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Living Well to Reach Age 100

An American born in 1970 can expect to reach the age of about 71. For a baby born today, life expectancy is about 78 years old, and for babies born in 2020, it will be about 80. Many of us are already pushing past those age expectancies.

According to the U.S. Census Bureau, more than 300,000 Americans are over age 95. Between the years 1990 and 2000, the percentage of Americans over age 95 grew by about 35 percent, making these oldest Americans one of the fastest growing segments of the U.S. population.

If you want to live long and live well, consider the advice of longevity experts: Stay physically, socially, and mentally active, and stick to a healthy diet. Healthy lifestyle choices can help you enjoy a better quality of life for an increasing number of years. The best news is that it’s never too late to get started.

Staying physically active

Did you know that by age 75 only one in two women and one in three men get any physical activity at all? You may think that as you age exercise is less important, but just the opposite is true. And it's rarely too late to begin or resume exercise. Even people in their 90s can increase their strength by as much as 40 percent through regular exercise.

The loss of strength, loss of endurance, and loss of balance that keep many older adults housebound may not only be prevented, but even reversed. Some of the problems that can be prevented or improved by regular exercise include arthritis, heart disease, diabetes, high blood pressure, and stress.

Staying mentally and socially active

Staying socially connected has been shown to keep your mind and body active well into old age. In fact, the benefits of social connectedness are just as important as the benefits of staying physically fit.

Socially active older adults who keep in contact with friends and relatives and participate in group activities are less likely to decline mentally, physically, and emotionally as they age. One of the best things you can do to age well is to volunteer to help others. Having a sense of purpose keeps life moving forward. 

Mental exercise is as important as physical exercise if you want to live to be 100. According to research done by the National Institute on Aging, symptoms of mental decline, such as loss of memory, are not necessarily a normal part of aging. Your brain is like a muscle that needs regular exercise to remain healthy.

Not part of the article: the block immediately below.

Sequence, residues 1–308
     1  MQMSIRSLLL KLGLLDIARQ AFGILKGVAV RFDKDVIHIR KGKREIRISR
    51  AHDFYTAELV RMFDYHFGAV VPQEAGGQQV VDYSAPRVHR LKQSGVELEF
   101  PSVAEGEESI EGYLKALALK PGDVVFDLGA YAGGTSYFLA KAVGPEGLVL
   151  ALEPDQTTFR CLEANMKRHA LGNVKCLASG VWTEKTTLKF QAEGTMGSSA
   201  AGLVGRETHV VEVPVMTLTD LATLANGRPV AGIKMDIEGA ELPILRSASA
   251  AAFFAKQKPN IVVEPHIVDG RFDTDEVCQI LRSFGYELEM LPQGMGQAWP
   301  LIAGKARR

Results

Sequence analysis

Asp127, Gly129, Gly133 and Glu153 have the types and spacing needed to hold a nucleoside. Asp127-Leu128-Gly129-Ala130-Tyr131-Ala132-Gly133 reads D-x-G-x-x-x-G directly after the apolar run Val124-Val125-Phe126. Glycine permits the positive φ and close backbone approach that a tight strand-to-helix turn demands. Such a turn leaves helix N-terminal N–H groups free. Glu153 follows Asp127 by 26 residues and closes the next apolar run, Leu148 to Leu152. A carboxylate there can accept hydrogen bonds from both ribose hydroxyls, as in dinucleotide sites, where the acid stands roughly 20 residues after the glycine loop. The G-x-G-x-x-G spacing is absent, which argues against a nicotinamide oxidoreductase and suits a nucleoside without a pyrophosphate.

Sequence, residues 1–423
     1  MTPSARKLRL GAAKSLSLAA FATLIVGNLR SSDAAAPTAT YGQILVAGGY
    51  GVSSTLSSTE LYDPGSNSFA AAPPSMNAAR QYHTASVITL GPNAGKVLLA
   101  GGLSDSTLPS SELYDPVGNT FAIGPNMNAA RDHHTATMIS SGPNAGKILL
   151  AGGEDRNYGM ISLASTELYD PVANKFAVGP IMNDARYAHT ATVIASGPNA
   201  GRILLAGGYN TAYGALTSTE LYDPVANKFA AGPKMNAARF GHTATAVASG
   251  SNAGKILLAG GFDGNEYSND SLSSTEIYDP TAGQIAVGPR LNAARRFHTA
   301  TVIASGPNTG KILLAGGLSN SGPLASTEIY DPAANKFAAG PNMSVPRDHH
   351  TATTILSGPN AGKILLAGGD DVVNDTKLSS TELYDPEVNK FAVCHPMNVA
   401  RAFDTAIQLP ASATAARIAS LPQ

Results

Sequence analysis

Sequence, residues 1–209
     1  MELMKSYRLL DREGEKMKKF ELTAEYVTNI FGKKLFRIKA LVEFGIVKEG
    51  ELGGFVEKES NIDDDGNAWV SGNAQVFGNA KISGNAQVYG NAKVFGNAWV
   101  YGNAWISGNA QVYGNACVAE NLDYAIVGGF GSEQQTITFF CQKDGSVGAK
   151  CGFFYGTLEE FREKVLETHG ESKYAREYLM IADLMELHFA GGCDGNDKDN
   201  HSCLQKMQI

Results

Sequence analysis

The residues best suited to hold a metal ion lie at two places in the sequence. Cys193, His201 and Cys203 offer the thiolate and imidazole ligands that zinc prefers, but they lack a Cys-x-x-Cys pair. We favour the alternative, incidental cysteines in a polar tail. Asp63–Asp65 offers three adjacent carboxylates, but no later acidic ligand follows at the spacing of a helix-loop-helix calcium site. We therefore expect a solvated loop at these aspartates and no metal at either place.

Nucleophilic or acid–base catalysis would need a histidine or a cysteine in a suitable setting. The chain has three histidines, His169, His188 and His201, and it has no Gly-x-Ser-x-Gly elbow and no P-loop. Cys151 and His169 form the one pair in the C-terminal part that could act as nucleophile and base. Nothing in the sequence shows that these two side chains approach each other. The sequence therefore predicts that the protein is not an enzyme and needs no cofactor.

Eating well for longevity

Some of the nutrition problems experienced by older adults are caused by a decrease in the need for calories, loss of interest in shopping and cooking, and a decreased sense of taste and smell. These problems can be overcome with better food choices that are higher in nutritional value. You may be eating less, so it’s even more important to make sure you are eating well.

Older adults may also lose some of their sense of thirst, so it’s important to drink plenty of fluids to avoid dehydration. Fiber becomes more important for digestion, so eat plenty of fruits, vegetables, beans, and whole grains.

Avoid the empty calories found in processed foods, sugar-laden beverages, alcohol, and sweets. Cut back on salt and saturated fats. Learning about nutrition and sticking to a healthy, balanced diet increases your energy and can help prevent diseases like diabetes, osteoporosis, high blood pressure, heart disease, and cancer.

Lifestyle tips for living to be 100

Ask your doctor to help you start a safe exercise plan that fits your abilities. Get advice from your doctor or a nutrition expert on setting up a diet plan. Call a friend, join a group, and find ways to interact with others.

Here are more tips for longevity:

  • Find physical activities that you enjoy and will stick with. Aim for 30 minutes of moderate activity every day. Try to include some strength training a few days a week.

  • Join a group. Try a group activity such as yoga or tai chi that combines exercise with balance and stretching.

  • Organize family get-togethers. Find friends and family members who will join you in social activities and stimulating conversation.

  • Exercise your mind. Challenge your mind by reading, taking a class, starting a new hobby, or learning a new skill.

  • Enjoy a variety of fruits and vegetables. Fill up your plate with many types and colors of fresh produce.

  • Educate yourself to eat well. Learn how to read the Nutrition Facts panels on food products and choose wisely.

  • Make food interesting. Flavor your food with extra spices, herbs, or fresh lemon juice to stimulate your taste buds.

Finally, don't forget to get enough sleep and to keep a positive attitude. If you want to live to 100, the sooner you get going, the better your chances of getting there.